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John “Mac” MacDonald can still remember the morning of July 15, 1942, like it was yesterday.

A rifle with a fixed bayonet suddenly appearing in your room creates a memory that doesn’t just go away.

MacDonald was the 14-year-old son of a missionary living in the Philippines when the Japanese invaded during WWII. For months, his family moved from place to place just one step ahead of soldiers searching for them.

“I was slowly dressing at six-thirty when I heard someone say, ‘The Japs are here,’” MacDonald writes in his new book “A Normal Life: Mish Kid and Prisoner of War.”

“The outside door was shoved to the side and a short, black-eyed Japanese soldier, carrying a rifle with a fixed bayonet, climbed the step into the room.”

A few minutes later, MacDonald’s family and others were assembled in an open area where they learned they had been captured by a patrol of about a dozen Japanese soldiers and a half-dozen Philippine Constabulary men.

With their backs to the rising sun, they stared forward into the sights of a light machine gun positioned on a bi-pod and aimed directly toward them.

“I was convinced that we were going to be massacred right then and there,” McDonald said last week from his Missoula home. “I wasn’t sure if we were going to be used for bayonet practice or machine gunned, but I was certain this was it. … We had heard the reports of what the Japanese had done in China.”

But other than being shorted on rations, it turned out the family and other civilians captured by the Japanese were treated relatively well until their rescue two years later.

"Civilians were treated quite a lot better than military prisoners of war," he said.

For decades following that day, MacDonald had written down memories of his life as the child of a missionary during a tumultuous time.

“It was an interesting life,” MacDonald said. “But it was a normal life for me. Whatever was going on, I just thought it was normal. I found out later that it wasn’t.”

MacDonald’s missionary family was serving in Legazpi, 325 miles southeast of Manila, when the Japanese invaded the Philippines in December, 1941. In his book, he details the challenges his family faced as they took to the hills with the help of friendly Philippine residents to evade capture.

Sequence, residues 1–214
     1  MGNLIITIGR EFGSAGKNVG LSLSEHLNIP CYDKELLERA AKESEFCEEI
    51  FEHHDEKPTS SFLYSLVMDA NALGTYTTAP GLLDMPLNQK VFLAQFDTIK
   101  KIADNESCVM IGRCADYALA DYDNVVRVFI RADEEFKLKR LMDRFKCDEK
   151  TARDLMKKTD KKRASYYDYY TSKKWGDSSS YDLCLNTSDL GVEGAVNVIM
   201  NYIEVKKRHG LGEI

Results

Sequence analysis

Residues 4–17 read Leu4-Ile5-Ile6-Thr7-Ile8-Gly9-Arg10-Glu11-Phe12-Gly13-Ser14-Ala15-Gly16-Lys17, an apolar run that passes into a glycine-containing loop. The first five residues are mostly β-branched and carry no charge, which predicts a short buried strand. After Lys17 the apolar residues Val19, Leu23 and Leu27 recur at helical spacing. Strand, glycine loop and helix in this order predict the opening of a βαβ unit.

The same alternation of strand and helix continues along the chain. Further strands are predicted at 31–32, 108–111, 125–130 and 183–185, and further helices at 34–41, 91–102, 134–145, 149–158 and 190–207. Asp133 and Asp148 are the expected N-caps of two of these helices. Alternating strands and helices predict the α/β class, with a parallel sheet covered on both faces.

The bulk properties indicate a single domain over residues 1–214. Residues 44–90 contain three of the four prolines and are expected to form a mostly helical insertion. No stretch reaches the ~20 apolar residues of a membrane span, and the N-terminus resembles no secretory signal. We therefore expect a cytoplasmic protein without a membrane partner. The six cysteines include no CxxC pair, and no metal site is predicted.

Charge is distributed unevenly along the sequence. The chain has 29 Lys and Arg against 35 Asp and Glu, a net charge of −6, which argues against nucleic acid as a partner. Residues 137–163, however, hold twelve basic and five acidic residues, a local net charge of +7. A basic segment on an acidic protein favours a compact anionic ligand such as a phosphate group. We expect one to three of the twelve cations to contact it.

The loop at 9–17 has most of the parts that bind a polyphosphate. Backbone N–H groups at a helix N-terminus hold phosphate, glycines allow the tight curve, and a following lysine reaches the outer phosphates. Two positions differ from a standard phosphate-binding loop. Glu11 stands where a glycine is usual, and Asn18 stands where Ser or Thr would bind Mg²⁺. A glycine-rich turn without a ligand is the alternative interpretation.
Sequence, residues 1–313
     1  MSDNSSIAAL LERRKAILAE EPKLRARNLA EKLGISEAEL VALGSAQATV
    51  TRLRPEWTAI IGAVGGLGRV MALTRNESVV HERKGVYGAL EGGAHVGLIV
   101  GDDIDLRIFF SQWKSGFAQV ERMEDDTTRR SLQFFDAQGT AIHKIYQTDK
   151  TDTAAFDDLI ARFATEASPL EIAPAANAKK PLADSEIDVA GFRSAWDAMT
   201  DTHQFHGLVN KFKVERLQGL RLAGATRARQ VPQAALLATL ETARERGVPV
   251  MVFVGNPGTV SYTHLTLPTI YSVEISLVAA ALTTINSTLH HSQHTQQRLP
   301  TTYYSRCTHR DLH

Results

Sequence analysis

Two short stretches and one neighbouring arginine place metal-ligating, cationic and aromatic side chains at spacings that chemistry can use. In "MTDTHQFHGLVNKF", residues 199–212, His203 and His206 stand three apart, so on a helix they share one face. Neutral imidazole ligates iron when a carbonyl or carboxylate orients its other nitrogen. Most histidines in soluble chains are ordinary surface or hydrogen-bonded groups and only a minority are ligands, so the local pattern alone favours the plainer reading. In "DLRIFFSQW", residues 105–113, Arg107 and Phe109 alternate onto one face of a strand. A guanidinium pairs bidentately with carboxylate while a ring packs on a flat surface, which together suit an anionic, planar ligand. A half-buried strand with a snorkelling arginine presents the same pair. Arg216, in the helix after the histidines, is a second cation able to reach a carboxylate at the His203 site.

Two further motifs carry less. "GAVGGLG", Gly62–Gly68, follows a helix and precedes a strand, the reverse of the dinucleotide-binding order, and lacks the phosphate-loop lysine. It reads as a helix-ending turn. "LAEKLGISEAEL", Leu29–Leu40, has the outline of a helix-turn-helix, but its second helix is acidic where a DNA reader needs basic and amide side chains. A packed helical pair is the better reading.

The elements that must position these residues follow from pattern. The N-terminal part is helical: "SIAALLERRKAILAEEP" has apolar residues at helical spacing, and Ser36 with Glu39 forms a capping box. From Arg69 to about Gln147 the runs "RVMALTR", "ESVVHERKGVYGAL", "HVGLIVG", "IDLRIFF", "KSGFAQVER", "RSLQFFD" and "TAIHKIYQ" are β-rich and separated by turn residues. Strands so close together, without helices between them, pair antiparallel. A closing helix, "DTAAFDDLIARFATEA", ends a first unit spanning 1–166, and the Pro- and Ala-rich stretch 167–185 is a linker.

After being discovered in a well-hidden home, they were imprisoned first in Manila and then later in the infamous Los Banos Internment Camp roughly 30 miles south of Manila.

On the same day the flag was raised over Iwo Jima by U.S. Marines, members of the U.S. Army Scouts and Philippine guerillas made a daring rescue of the nearly 700 civilians housed at the prison miles behind enemy lines.

“That was a very exciting day,” MacDonald said. “It’s when the shooting started. The guerillas and Army Scout troops killed all the guards. Paratroopers landed about a quarter of a mile away.”

At other military prisoner of war camps, the Japanese killed all the prisoners before they could be rescued. MacDonald said there were concerns that may have been in the plans for their camp, as well, which resulted in the rescue mission.

MacDonald pieced his book together from his recollections and accounts from both his and his father’s diaries.

“My dad always kept a diary, but at times had to keep it hidden away,” he said. “He felt there might be danger to us if the Japanese found it. When I was in camp, I started my own … ”

He lost a good deal of it when an American censor accidentally spilled water on it after MacDonald came to the United States following the war.

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“I grew up as a missionary and the Philippines was home for me,” MacDonald said. “I considered that I had immigrated when I came to the states in ’45.”

A few years after the war ended, MacDonald joined the Air Force, where he served as a pilot. He flew 130 combat missions over communist lines in Korea, followed by an intelligence assignment in Virginia where he met and married his wife. He then flew B-47 bombers for the Strategic Air Command for a decade before finishing his career flying C-130s in Japan and Vietnam.

MacDonald returned to Missoula, his mother’s hometown, and earned a bachelor’s degree from the University of Montana that led to a two-year stint of teaching at a Missoula high school.

In 1975, he moved his family to a place on Burnt Fork and opened a video rental store in Stevensville in 1992. After his wife died in a car accident in 1996, he sold the video shop, remarried in 1998 and moved to Missoula, where he now lives.

At 90, MacDonald remains active in a Christian prison ministry that takes him to prisons in Deer Lodge and Shelby and another in Washington state.

“I believe the 40 years of prison ministry is the most important thing that I’ve done in my life,” MacDonald said. “My dad was a missionary for 42 years. I’m shooting to break that record.”

Throughout the years, people have always encouraged him to write a book about his life. Dale Burk of Stoneydale Press in Stevensville finally pushed him over the edge.

“I’ve known Dale for a long time,” he said. “I had most of it written, I just needed to organize it. Dale encouraged me to get that done.

“People have heard bits and pieces of the story,” MacDonald said. “Now they can read the whole thing. I wrote it for my kids, but it seems like there are a lot of others interested in reading it too. I think I might end up getting writer’s cramp signing all these books.”

There will be a book signing on Friday, Feb. 8 from 4 to 7 p.m. at Valley Drug in Stevensville. Another signing is in the works for Hamilton’s Chapter One Book Store.

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